Some points to note:

  • I got the property ID from a listing in the last step (a result of SearchQuery)
  • The directory where you write the images must have permissions to be writeable by the webserver

Step 6: Practical Use

One of the nice things about RETS is the query language. This allows you to get only the results you want from the server. The RETS feed is also updated in real time as opposed to others which are updated nightly. Still, it seems more practical to me to populate a database with the info for my web app. I plan to use CodeIgniter  to both search and populate the db. I’ll create a cron job for the population and run it 1-4 times per day depending on what the client wants. The data is hand-entered by realtors (as mentioned in Drew’s tutorial) so I’ll probably do some clean-up on the data as it gets imported. That will be covered next time.

Resources and References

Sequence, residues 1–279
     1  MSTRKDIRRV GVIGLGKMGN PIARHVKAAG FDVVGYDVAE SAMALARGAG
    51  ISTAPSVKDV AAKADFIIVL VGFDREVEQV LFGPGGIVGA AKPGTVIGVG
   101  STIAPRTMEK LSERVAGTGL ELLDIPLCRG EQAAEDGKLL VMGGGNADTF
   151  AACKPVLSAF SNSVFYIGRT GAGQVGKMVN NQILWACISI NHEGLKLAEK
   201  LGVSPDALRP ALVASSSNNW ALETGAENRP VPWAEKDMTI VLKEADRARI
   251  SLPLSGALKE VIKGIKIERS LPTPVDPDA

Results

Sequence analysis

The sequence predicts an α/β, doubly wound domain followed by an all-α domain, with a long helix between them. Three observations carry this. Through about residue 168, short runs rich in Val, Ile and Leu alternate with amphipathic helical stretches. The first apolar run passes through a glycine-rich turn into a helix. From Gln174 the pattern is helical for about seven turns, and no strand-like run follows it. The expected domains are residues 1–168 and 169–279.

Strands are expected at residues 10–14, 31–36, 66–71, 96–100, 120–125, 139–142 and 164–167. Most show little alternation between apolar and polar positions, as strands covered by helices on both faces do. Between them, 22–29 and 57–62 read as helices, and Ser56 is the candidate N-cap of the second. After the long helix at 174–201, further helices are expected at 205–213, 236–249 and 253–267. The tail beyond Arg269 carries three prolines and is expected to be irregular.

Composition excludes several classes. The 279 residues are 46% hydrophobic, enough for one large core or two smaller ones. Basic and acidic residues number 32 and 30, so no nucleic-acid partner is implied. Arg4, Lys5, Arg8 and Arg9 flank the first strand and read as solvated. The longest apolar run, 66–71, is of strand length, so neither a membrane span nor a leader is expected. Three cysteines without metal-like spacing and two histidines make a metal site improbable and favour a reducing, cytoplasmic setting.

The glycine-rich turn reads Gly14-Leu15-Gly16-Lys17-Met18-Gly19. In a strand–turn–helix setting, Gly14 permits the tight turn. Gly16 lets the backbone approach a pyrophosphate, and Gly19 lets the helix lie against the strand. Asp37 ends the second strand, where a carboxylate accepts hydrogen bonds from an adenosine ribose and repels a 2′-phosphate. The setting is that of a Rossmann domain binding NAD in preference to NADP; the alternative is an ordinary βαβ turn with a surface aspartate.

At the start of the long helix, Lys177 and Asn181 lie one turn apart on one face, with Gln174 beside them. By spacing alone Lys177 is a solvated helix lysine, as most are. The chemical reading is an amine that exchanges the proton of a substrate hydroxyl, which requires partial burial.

Node.js and Nginx Configuration

Today I configured node.js and nginx in the most basic way to get a functioning site. I’m sure I’ll have some tweaks to add later.

I started with the default nginx config and added a line at the bottom to include vhost configurations. The default config file is in /etc/nginx/conf.d/default.conf

Then in my vhost file I put this:

I’ll run my node.js server on port 8989. Using the simple example from the node.js website:

Remember to start the server by running the script.


Node.js and Nginx on CentOS 5.8

I’m using this gist as a guide for my setup. Nginx will listen on port 80 and serve static files, it will pass other requests to node.js on another port.

Install Nginx

Nginx has binaries for CentOS. I grabbed their rpm to configure yum so I can use it to install nginx.

Update Python

My box came with CentOS 5.8 32 bit. This version of CentOS comes with Python 2.4. This is a problem if you want to install node.js which requires Python 2.7. I’ve read that CentOS relies on its specific version of Python for other parts of the OS to work. This was starting to sound complicated. Then I discovered Pythonbrew. It allows you to easily switch between python versions. Hooray!

Pythonbrew and node.js have some dependencies so you may first need to install these. Be sure to get the right package for your OS. (32 or 64bit)